Can geese hear a dog whistle?

Discussion in 'Geese' started by lovedbygeese, Mar 30, 2015.

  1. lovedbygeese

    lovedbygeese In the Brooder

    Jul 31, 2014
    Hi all,

    I tend to three geese I've been visiting at a nearby "preserve"/park for I don't know how long...6, 7 or 8 years(?) At one time there were 8 or 9 geese, now, just 3. It's a running joke among city police as well as park rangers that no one really cares much for the animals in that park and they're rarely patrolled. I've seen such horrible things done there.

    They drain the "ponds" the birds live on (incl. migratory birds) to supposedly allow the water to leach into the groundwater as well as to sell it (there are a lot of supposedly-s around this park as in it's only called a "preserve" b/c someone paid $50 for a sign that says "preserve"on it.)

    Several times/day people let their dogs off leash to charge the birds and rabbits, flush them, chase them and attack them. It happened again yesterday, this time to the geese.

    I had just set down a stool I carry with me so I could admire the birds, when...

    Two women let a pitbull named Priscilla off leash to run across the nearly dry "pond" the geese were on. It must've run 5 - 700 ft across dry earth, then it swam an additional 10+ ft into the water after one of the three geese. The women acted absolutely blithely. I ran my heart out toward the geese, falling several times, screaming for help all the while, saying that someone had let their pitbull loose against the geese. The earth was un-level, lupus and ra don't let me run well and, well, enough about me... Not a soul moved to help. I kept running and even set off a safety alarm hoping to deter the dog or the women walking lazily toward her. I kept running and screaming for help. I'd run nearly 500 ft before the women cheerfully called out to the dog to have her return to them. The dog did not respond, it was too involved with the goose. Then I saw the goose disappear and the dog loose interest, eventually returning to the women.

    Banged up, I walked back to gather up the stool and make my way to the front of the park to try and check on the geese. Upon returning I found two people standing beside the stool flipping through their phones. I said, "Two women let their pitbull off leash to chase the geese! At one point there were 8 or 9 geese, now there are only 3!" They said absolutely nothing and then walked away.

    At the front of the park I only found 2 geese and never saw the women nor Priscilla leave by the front of the park. I walked in search of the missing goose who, for all I knew, could've left the park via the dog's mouth. This was all happening around 7 - 7:30 in the evening.

    I walked until I heard the goose call. I located it and told it if it was hurt not to leave the water, I'd check back the next day to see it'd rejoined it's siblings.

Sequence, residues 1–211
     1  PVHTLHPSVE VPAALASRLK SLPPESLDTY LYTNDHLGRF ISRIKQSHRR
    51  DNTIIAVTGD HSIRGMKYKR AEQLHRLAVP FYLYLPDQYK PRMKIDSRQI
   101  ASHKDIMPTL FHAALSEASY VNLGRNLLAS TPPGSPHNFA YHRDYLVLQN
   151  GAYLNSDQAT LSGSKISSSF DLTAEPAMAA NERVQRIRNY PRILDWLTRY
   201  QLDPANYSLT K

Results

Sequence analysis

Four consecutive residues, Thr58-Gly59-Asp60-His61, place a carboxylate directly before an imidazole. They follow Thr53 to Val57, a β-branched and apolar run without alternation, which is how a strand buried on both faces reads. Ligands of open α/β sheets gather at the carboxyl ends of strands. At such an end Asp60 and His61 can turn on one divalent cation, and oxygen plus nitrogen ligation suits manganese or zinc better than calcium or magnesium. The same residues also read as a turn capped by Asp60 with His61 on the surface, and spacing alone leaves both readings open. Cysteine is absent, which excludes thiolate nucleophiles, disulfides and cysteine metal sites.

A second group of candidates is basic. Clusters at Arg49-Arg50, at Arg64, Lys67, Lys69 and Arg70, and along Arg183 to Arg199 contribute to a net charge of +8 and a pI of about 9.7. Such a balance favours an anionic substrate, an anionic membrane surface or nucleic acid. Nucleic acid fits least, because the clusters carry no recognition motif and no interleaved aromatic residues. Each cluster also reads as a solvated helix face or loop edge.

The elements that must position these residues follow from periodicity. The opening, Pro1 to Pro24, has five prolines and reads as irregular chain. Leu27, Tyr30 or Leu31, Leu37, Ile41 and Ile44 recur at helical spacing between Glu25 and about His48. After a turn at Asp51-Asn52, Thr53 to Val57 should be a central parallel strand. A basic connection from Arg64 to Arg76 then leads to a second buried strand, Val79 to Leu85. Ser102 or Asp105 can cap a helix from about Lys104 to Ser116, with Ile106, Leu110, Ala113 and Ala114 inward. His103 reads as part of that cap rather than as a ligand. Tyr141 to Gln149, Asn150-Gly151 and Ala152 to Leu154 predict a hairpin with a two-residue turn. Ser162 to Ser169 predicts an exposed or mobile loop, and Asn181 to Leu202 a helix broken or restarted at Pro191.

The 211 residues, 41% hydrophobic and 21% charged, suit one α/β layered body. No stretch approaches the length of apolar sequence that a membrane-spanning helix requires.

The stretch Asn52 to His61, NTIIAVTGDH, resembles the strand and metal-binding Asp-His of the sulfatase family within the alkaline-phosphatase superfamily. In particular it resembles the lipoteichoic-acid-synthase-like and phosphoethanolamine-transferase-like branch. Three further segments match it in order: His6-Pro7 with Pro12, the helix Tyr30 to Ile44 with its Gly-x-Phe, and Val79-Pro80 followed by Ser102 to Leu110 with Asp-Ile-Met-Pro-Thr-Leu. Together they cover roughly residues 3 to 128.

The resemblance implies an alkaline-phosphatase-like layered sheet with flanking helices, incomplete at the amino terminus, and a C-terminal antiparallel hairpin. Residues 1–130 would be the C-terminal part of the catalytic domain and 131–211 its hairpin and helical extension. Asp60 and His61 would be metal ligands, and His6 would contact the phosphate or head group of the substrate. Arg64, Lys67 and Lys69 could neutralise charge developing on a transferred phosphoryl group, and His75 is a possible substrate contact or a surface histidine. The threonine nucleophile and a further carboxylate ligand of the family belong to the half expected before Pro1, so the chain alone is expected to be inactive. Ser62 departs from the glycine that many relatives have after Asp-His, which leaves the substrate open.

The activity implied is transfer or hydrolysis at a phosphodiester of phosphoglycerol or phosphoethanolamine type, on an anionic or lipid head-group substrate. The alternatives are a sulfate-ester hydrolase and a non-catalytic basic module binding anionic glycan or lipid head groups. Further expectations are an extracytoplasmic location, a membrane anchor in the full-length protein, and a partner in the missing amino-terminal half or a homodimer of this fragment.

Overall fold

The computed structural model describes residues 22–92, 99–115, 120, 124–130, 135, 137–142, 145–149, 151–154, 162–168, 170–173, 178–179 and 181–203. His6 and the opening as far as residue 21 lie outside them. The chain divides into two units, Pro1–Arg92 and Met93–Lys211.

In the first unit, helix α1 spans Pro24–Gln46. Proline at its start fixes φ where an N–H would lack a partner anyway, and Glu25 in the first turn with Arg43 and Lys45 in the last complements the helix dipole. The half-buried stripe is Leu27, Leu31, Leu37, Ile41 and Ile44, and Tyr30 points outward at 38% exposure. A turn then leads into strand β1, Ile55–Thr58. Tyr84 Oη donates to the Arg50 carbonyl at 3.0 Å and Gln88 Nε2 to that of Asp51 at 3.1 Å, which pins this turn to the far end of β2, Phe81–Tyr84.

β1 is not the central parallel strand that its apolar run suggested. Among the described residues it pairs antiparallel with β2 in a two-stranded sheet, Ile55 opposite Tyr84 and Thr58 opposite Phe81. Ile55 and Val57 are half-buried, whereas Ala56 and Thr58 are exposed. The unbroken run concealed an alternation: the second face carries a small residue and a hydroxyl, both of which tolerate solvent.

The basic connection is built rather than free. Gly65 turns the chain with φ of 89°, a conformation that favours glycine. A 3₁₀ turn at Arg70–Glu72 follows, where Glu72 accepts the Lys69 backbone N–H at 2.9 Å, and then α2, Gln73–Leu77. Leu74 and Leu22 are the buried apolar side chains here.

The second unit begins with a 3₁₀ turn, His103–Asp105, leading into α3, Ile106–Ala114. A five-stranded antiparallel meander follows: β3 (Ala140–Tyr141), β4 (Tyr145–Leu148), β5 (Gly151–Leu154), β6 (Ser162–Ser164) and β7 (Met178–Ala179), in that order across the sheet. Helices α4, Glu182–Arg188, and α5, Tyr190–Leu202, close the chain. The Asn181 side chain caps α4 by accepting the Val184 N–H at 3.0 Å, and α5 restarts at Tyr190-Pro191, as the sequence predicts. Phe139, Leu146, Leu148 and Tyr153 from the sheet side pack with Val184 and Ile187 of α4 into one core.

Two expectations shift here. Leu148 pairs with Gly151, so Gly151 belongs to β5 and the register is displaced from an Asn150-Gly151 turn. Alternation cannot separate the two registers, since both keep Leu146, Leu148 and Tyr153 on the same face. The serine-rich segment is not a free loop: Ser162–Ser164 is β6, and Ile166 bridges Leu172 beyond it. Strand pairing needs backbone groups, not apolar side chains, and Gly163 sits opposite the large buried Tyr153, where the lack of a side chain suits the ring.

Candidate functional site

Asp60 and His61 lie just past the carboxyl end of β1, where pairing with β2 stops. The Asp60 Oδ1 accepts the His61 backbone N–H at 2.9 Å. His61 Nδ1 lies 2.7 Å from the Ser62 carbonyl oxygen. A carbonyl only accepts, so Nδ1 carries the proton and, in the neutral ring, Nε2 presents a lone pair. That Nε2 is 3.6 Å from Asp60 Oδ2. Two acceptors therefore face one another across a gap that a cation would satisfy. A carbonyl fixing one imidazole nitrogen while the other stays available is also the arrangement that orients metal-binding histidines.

This morning it had and I saw a maybe 2" gash on the back of it's right leg.

    I made a report with the park ranger who happened to be passing through. He said there's little that could be done about it, or about preventing it from happening again (the ranger came around closer to 8:30.)

    I don't know what to do for the future. I doubt the cruelty or indifference will stop.

    But I'm wondering, would blowing a dog whistle bother the geese or other birds in any way? (I know they don't like sirens.) I'm just trying to find a peaceful way to call a dog off in the future should it ever happen again.

    I'd like to buy a whistle if it won't hurt the geese in any way.

    For now, I'm just reduced to going out and checking on them every night and being worried all day.

    Thanks so much!

  2. The goose girl

    The goose girl Songster

    Jul 7, 2010
    Unfortunately, I doubt you can do anything to protect the geese. Unless of course you remove them from the park and install them in a safe and dog-free location. But I'm guessing you don't have accomodations for them.

    Some dog owners seem to be totally indifferent to anything but their own dog. In my experience, they're usually also very laissez-faire when it comes to training their dog. It's one of my recurrent nightmares when I'm walking my goose: encountering a loose and poorly trained dog. I try not to think about it, as there's really nothing I can do to prevent it.

    My goose can hear dog whistles; they don't seem to bother her. She'll just raise her head and be alert - much like when she hears an airplane or a helicopter. But a dog needs to be trained to react to a dog whistle - just like it needs to be trained to react to its owner calling it.
    1 person likes this.

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